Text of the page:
Welcome to iLeads Insurance Market Minute, where we bring you the latest, most relevant news regarding the insurance market. Last week you were reading SPAC Spree Presents Opportunities for Insurance Industry. This week we’re bringing you:
Zillow recruits Christy Kaufman as risk manager*
Christy Kaufman, former head of strategy, governance and compliance at the venture capital arm of American Family Insurance Co., has joined online real estate marketplace Zillow Group Inc. as vice president of risk management.
Ms. Kaufman, who is also a board member of the New York-based Risk & Insurance Management Society Inc., joined American Family in 2017 after 10 years at Marsh & McLennan Cos. Inc. where she held various positions, including head of enterprise risk management.
Being proactive in a volatile cyber insurance market*
Cyber risk is everywhere. It’s an enterprise problem that can trigger a string of loss-driving events well beyond the technology or the systems that were initially compromised. Cyber events can result in business interruption (both primary and contingent), productivity loss, reputational damage, physical damage, and significant legal repercussions and recovery expenses. As the impacts of cyber exposure are realized, the scale and frequency of cyber insurance losses continue to soar.
Ransomware is arguably the most pressing issue the cyber insurance community is dealing with today. This variation of malware allows hackers to lock people out of their business systems until they pay a ransom, usually in cryptocurrency and to an offshore bank account. In recent years, there has been a significant uptick in the frequency and severity of ransomware attacks impacting businesses of all sizes and in all sectors. Hackers have grown more sophisticated and targeted in their attacks, aiming for larger organizations that can afford bigger ransoms.
In the past five years, the average ransom demand has shot up from $15,000 to $175,000 – an almost twelve-fold increase – according to the NetDiligence 2021 Ransomware Spotlight Report. Furthermore, ransom demands crossed the $1 million threshold in 2018, the $3 million threshold in 2019, and publicly available data indicates that they crossed the $30 million threshold in 2020 – although this was likely negotiated down.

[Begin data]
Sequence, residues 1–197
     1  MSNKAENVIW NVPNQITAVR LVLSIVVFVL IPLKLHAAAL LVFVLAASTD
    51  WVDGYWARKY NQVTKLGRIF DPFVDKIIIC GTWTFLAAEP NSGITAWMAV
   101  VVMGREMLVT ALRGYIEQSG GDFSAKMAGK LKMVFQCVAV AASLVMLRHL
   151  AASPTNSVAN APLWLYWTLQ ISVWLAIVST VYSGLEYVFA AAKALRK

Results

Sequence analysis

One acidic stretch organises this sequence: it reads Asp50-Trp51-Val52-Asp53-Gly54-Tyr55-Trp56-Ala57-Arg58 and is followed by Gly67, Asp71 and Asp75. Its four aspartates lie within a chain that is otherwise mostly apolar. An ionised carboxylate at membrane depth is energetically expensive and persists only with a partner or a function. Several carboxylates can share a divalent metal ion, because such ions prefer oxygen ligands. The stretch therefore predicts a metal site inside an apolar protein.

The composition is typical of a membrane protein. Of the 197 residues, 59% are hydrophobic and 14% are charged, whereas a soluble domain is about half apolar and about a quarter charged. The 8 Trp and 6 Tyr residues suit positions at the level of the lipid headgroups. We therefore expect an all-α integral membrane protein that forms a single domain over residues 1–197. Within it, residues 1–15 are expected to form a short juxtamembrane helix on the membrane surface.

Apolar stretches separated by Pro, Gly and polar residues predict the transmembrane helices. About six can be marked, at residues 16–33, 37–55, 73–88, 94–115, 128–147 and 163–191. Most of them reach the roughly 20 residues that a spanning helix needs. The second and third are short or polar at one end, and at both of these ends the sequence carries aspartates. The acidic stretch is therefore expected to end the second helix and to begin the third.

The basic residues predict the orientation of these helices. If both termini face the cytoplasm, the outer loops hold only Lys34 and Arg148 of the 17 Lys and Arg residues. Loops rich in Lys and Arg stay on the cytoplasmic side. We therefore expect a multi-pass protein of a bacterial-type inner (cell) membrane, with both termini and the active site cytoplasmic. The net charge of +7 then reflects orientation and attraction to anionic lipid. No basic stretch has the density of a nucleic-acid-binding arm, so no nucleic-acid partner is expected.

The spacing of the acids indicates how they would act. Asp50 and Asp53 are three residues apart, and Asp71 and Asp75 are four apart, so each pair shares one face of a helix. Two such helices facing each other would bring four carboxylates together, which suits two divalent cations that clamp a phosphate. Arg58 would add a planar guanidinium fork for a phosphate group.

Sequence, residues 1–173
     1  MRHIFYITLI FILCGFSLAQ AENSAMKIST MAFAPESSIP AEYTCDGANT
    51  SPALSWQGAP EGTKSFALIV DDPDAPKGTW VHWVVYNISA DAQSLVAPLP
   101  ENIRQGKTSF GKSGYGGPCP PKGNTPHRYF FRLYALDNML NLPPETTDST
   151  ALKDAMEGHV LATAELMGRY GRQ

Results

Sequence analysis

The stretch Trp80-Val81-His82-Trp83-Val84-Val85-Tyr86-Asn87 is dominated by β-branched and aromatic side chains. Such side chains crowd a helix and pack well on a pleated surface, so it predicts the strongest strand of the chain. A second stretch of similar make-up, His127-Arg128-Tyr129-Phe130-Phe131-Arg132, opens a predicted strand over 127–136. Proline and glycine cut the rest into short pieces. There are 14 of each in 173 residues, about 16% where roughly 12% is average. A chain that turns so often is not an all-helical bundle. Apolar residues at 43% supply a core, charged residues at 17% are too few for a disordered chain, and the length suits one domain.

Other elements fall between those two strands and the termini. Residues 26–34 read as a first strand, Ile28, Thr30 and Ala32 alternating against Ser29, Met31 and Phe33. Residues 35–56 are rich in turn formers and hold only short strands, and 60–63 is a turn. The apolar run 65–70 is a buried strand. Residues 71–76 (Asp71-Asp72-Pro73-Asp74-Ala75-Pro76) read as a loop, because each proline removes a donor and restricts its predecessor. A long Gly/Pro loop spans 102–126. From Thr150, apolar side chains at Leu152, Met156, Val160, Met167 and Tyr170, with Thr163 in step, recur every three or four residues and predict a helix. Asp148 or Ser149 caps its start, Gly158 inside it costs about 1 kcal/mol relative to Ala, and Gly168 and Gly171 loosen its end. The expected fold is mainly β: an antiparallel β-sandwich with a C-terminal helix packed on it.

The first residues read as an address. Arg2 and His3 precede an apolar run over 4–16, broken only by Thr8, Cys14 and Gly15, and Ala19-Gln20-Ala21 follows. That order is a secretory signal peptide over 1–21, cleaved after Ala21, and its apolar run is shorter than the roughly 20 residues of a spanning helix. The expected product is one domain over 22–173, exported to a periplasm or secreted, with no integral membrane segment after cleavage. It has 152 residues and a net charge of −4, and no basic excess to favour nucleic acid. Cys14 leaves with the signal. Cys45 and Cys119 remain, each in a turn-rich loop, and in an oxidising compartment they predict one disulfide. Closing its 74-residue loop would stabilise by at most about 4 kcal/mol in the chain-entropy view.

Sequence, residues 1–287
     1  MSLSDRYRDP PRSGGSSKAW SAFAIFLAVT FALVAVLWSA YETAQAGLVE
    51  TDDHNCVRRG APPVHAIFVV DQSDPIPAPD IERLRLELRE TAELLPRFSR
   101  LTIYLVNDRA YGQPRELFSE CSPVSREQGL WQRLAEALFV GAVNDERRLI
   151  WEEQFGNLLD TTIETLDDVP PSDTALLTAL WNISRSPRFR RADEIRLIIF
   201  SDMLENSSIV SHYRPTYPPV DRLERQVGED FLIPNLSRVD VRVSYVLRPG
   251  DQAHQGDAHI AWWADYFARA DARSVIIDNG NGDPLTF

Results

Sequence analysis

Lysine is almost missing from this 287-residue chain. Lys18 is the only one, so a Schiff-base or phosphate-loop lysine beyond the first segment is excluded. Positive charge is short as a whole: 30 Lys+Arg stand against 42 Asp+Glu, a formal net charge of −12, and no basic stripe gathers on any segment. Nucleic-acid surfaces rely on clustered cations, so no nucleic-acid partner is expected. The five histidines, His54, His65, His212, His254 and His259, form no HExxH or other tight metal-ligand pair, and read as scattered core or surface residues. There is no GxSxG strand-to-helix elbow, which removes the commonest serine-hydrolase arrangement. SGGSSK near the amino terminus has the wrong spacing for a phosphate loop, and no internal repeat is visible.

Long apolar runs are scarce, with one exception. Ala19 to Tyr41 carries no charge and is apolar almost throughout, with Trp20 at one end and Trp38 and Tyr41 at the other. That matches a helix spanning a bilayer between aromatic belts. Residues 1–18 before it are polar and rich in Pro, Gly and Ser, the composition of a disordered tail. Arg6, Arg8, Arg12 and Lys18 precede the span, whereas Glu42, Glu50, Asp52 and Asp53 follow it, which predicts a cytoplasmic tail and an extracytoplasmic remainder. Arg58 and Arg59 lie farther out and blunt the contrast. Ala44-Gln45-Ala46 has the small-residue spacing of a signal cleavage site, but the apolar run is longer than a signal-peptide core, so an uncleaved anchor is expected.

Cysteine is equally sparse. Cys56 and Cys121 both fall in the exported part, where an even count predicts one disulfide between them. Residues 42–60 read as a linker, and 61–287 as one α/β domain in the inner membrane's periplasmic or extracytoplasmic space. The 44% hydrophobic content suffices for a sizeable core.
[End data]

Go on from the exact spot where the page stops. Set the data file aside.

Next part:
The ransomware headache doesn’t stop there. In 2020, a new wave of ransomware attacks hit the market. Known as ‘double extortion,’ threat actors are maximizing their chance of making profit by threatening the victim with an additional abuse of the information they encrypted, such as selling or auctioning it.
What I’ve learned from working in insurance*
The following is an editorial by Alicja Grzadkowska, former senior news editor at Insurance Business.
Last week, I wrapped up my work at Insurance Business and bid farewell to my team and our parent company Key Media. Over the past three-plus years, I’ve learned a lot from writing about the insurance industry, and leaving it behind has given me a chance to think about what will stay with me as I move on to new endeavors.
My main challenge when I started at Insurance Business was wrapping my head around the complexities of this sector. While I had a background in business journalism, I had never focused in on the insurance space so intently, and knew very little about it, besides what I gleaned from buying auto and renters’ insurance. Suddenly, I was writing articles on personal and commercial lines, as well as reinsurance and all of the other developments that touch this industry – my first two articles were about the aftermath of the 2017-18 US wildfire season, and a tribute to a Canadian insurance leader who had passed away. I had to learn very quickly what all of the terminology meant and how to explain it in an interesting and readable way to our audience, many of whom already had experience in insurance.
I was pleasantly surprised to find out just how open insurance professionals were to helping me personally, as well as the broader public, understand what it is that they do. This proved to be helpful throughout my entire time at Insurance Business since, as some of you can relate, there are many pockets and niches of insurance that you might not stumble upon in the course of your everyday work, yet suddenly have to know a lot about for the benefit of the end reader or customer.
I’m very thankful for all the experts who took time out of their busy days to talk to me about various insurance developments and walk me through their specific areas of focus without any ego or presumption that one should already know all of this. This patient approach is the same one that many professionals bring to their work with buyers of insurance, who, like me, are often not well-versed in insurance products before they suddenly have to buy coverage.
Finding highly affordable leads to keep sales coming in
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